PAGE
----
I’m quite sure that 2016 is a year that many will not be able to forget, a year of upheavals, disappointments and shocks. It has been a year of change, and not necessarily for the best. I woke up one morning in June to discover the country where I was born, the UK, had voted to disassociate itself from its neighbours in Europe by opting to leave the EU, so-called Brexit. I broke down and cried. This may well also result in the break-up of the United Kingdom. However, nobody knows, the government had and still seems to have no plan, hence chaos has ensued. American friends had a similar feeling of despair when learning that the ludicrous, and frankly totally loathsome, Donald Trump was to become their President. These choices will change the face of the world as we know it. Terror attacks have continued unabated throughout Europe, as has the war in Syria. Fascists and nationalists are voicing their ugly beliefs increasingly loudly throughout Europe and elsewhere in the world. Hard-won integration and cooperation seem increasingly fragile. If feels as if someone is turning the dimmer switch on the peace of the world.

The weather has not been kind to winemakers in 2016 either, with many regions, including Hungary, experiencing extreme frosts and hail, South America suffering from the El Niño effect, and many losing great swathes of their harvest, some all; global production is expected to fall 5% due to these climatic conditions. However, the silver lining of the cloud is that many say the grapes that survived will produce good quality wine, if rather little. The Brexit referendum has done the UK wine trade no favours, with many merchants forced to hike their prices due to the loss in value of the pound, and the continuing uncertainty is not aiding the situation either.

Against this background, my own life has undergone major change, both good, tragic and simply wonderful. In addition to this, wine, learning about it, tasting it and exploring its origins has continued its inroads into my life. Earlier this year, I was introduced as, ‘this is Sue. She drinks wine for a living’. Although not strictly speaking true, as there is a distinction between tasting and drinking, it did make me laugh and appreciate what I now do for a living. Coming into contact time and time again with fascinating and quirky people, unravelling their stories, tasting the fruits of their labour, visiting regions of outstanding beauty and having the privilege to taste and experience things that I otherwise would not. My other half frequently states, ‘I love your job!’ I must say that I rather agree with him.

2016 has been a year of hard work: successful completion of the WSET diploma, acceptance into the Circle of Wine Writers, two articles being shortlisted in the Born Digital Wine Awards; promotion to judge in the International Wine Challenge; and acceptance onto the Vinitaly Academy programme for 2017. These things certainly bring a certain glow of contentment with them. However, what it is that really enables you to live with the challenges, disappointments and upheavals the world thrusts upon you is your personal experiences and the people, the friends and strangers alike, you have lived them with.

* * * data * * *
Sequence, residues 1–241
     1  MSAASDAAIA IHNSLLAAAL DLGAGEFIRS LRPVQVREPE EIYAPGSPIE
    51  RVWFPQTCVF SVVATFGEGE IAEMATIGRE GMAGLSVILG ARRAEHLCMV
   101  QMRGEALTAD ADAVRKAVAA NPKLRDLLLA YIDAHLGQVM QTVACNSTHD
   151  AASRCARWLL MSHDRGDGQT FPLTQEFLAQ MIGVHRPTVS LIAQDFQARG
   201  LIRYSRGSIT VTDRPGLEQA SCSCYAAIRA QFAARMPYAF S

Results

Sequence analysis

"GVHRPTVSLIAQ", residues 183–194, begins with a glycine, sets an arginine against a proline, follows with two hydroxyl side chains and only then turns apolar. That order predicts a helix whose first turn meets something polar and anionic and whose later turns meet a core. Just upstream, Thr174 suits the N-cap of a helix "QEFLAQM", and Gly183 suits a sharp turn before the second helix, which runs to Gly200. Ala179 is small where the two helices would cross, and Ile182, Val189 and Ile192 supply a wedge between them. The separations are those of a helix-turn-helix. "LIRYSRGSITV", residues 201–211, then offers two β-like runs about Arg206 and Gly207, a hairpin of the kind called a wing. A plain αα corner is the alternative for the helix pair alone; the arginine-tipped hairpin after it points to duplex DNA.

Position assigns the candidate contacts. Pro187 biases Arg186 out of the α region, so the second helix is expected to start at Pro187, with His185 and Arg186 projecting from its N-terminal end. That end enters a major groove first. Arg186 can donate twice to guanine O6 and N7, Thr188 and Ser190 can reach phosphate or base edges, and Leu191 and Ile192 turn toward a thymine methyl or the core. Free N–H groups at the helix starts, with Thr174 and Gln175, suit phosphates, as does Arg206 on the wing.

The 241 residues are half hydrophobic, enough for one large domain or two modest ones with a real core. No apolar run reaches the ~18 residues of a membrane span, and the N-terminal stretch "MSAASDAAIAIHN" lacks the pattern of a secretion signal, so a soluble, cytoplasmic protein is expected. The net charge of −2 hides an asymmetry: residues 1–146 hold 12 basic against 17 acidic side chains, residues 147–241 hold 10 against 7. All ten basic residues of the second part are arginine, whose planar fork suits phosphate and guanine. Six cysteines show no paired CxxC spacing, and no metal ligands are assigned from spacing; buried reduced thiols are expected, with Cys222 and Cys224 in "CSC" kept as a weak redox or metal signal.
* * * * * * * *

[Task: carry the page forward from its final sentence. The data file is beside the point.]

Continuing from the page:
Sharing 1948 colheita port, freshly siphoned from a dusty demijohn with Dirk Niepoort and fellow #winelovers up in the stunning Douro; a vertical tasting of Hétszőlő Aszú going back through 21 vintages; dining in the gothic-like glory of the wine cathedral of Bodega Lustau preceded by an amontillado masterclass given by their head winemaker Manuel Lozano, who sadly passed away later this year; dining in Stephan Spiegelberg’s atmospheric cellar up on Somló Hill; experiencing the magnificence of the Uco Valley in Argentina; bumping into Charlie Arturaola in Uruguayan capital Montevideo and receiving an impromptu invitation to the premier of his new film ‘The Dual of wine’ and the gala dinner held the following night at the Familia Deicas’s estate; experiencing the hospitality of Vassilis Papagiannakos and his daughter Angeliki on their estate just outside Athens; exploring the ancient mould-encrusted cellars of Tokaj; attending a gala dinner with friends in Château Clos de Vougeot; celebrating the Taklers’ 25th anniversary with them down in Szekszárd; and simply enjoying wine with others, including those responsible for its creation. And, of course, having the opportunity to share some of these experiences with others here on WineSofa.

These are just some of the kind of experiences that enable you to look at the world again through fresh eyes, to find delight and joy in the world and people around you, and to try to limit the negative influence of national, regional and global events on your own life.

Sue Tolson

The turning of the year is always a time to reflect on what has passed and what is to come, and to make plans and resolutions for the future. Indeed, the future is always unpredictable; you never know where it may lead you, and what chance encounters or events may change your life forever. However, enough philosophising, let’s raise a glass to 2017 and hope that its path is sustainable, enjoyable and enlightening!